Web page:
Ted Winter: Liev Schreiber
Peabody: Chiwetel Ejiofor
Vassily Orlov: Daniel Olbrychski
Mike Krause: August Diehl
Columbia Pictures presents a film directed by Phillip Noyce. Written by Kurt Wimmer. Running time: 100 min. Rated PG-13 (for intense sequences of violence and action).
The great action film is near extinction. I didn’t realize this until I saw the new Angelina Jolie action thriller “Salt”. There was a time when the action movie had style and efficiency and grace. The age of digital imaging has muddied the action movie with effects that look unbelievable or, sometimes, just plain blurry. Even the excellent Jason Bourne franchise seems to just pull it off with shaky camera shots and quick cut editing. “Salt” is like a blast from the past, in more ways than one. Thanks to recent events involving Russian spies in the United States, it’s pretty easy to buy the Russians as our enemies again.
The movie opens with our heroine, Evelyn Salt, being tortured in a North Korean prison. I was immediately reminded of the opening segment of the James Bond flick “Die Another Day”, one of countless victims of today’s CGI heavy action practices. Almost immediately we realize this is not going to be the same kind of action movie as that one. There are no giant hovercrafts bouncing around to send our heroine on an explosion-fueled ride of destruction in the name of freedom.
Instead, Salt is met in the neutral zone by her CIA boss, Ted Winter (Liev Schreiber, “X-Men Origins: Wolverine”), in a prisoner exchange that was partially arranged by her boyfriend, Mike Krause (August Diehl, “Inglourious Basterds”). Some time later Mike is now Salt’s husband and she’s back at work with the CIA’s Russia division. One day, a defector named Vassily Orlov (Daniel Olbruchski), claims a Russian sleeper agent will assassinate the Russian president during the funeral of the U.S. vice president. He then reveals that the agent’s name is Evelyn Salt.
Consider the moments immediately following Orlov’s claim. Director Phillip Noyce (“Dead Calm”) is an expert at developing tension in unspoken terms. Evelyn knows she will be detained, but focuses all her concern on her husband, insisting that he’s in danger and must be found. Is this just a distraction for the other agents, or is she genuinely concerned for her husband’s safety? Agent Winter seems concerned for his employee, more so than his duty to his job. Yet Schreiber keeps a cold calm in front of National Counterintelligence Agent Peabody (Chiwetel Ejiofor, “2012”). Peabody leaps into containment mode, working only from the responsibility to secure a possible threat. The tension in the room rises immediately to the point of near physical manifestation.
From that point on the tension is released and raised again and again through non-stop action that quickly takes us to places we couldn’t have suspected. Is Salt really a Russian agent? Why does she run? Why does she do exactly the things she shouldn’t? Why does she save her dog and find it a home? I think that final question means more than just that the filmmakers are sentimental dog lovers.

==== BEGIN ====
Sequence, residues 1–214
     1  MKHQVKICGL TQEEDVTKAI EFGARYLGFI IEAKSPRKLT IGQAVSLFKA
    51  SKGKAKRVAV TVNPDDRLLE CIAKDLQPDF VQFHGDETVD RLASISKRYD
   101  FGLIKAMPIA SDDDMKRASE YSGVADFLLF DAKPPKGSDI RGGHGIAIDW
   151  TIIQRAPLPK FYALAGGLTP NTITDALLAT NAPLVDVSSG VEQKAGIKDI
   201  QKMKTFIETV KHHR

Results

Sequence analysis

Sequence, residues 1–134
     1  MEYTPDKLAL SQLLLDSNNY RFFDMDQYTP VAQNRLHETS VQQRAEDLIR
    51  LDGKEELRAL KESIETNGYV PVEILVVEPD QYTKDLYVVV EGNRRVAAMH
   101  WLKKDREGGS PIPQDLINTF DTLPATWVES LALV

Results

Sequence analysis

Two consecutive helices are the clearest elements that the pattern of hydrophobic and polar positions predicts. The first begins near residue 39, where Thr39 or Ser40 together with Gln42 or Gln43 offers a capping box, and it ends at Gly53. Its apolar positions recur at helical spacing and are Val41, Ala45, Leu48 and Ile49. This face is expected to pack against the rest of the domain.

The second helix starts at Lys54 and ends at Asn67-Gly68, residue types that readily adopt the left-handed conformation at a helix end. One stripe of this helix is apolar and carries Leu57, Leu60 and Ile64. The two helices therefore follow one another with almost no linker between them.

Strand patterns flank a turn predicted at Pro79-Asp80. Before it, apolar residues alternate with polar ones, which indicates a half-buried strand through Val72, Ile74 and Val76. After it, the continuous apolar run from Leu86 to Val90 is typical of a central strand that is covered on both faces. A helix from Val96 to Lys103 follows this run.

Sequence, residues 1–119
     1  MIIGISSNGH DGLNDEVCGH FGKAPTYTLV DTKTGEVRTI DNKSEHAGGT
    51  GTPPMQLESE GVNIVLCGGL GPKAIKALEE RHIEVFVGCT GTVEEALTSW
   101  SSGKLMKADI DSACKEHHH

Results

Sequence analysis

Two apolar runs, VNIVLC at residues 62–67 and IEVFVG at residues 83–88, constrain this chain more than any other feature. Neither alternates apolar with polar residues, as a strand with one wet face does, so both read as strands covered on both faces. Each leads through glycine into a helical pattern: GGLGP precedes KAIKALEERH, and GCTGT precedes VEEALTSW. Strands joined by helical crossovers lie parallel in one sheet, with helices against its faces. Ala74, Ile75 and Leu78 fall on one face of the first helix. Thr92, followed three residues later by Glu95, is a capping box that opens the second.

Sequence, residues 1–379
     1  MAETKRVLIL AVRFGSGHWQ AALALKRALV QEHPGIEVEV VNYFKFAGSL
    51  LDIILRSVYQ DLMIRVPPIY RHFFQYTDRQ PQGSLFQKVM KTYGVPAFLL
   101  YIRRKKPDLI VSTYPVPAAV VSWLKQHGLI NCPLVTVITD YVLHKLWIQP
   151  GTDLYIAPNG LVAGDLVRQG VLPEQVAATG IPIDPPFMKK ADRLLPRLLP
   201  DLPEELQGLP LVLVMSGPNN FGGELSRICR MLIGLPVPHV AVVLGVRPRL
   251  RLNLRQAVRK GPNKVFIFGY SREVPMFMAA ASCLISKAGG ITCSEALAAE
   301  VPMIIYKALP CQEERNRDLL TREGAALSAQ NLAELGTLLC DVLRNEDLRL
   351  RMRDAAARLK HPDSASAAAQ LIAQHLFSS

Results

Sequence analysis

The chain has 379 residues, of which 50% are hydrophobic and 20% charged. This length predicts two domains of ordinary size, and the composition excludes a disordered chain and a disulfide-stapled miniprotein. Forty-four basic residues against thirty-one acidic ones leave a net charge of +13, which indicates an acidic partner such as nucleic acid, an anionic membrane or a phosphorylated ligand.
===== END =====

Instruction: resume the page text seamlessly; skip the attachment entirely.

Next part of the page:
I, of course, would never suggest what the answers to these questions are in a review. Some have said that they could predict some developments. I’m pretty sure that’s true, but I find it hard to believe that most people could predict how the movie would get to its conclusions. Any good critic knows it’s not what happens in a movie that makes it great, but how it happens.
Take a look at how the action develops in the movie. After being ousted for something she knows she isn’t, Salt leads her former colleagues on an amazing chase through buildings, streets, highways, byways, and overpasses. Noyce’s direction here is so precise that there is never a question of what is happening, yet always there’s the question of just how each situation Salt puts herself in is perceived as better by her than the last. She jumps from an overpass to the top of a semi. From there she jumps to a tanker. Her every move is calculated, yet each seems to put her into a spot that is more impossible than the last, and yet it all seems plausible from an action universe point of view.
Then in New York, Salt raises the stakes by doing exactly what she shouldn’t be doing. She finds herself in a police car, and you think there’s no way she can possibly get away from this. Yet, she does, and you don’t question how she did it. Not only does the action seem possible despite its implausibility, but also her actions all end up making sense. There’s reason for everything she does. Nothing is done just to put her into another impossible situation, and somehow each moment seems more impossible than the last.
There are some people who will say I’m nuts to claim the action in this movie is plausible, but I’m speaking in a purely entertainment state of mind here. Jolie and Noyce sell what Salt is doing. They sell what she’s capable of, and I for one am very glad that Tom Cruise opted out of this project so it could be rewritten for a female lead. The vulnerability of a female lead aids in raising the stakes and in raising the shock value of her maneuvers and motivation. I haven’t been this thrilled by an action thriller in years.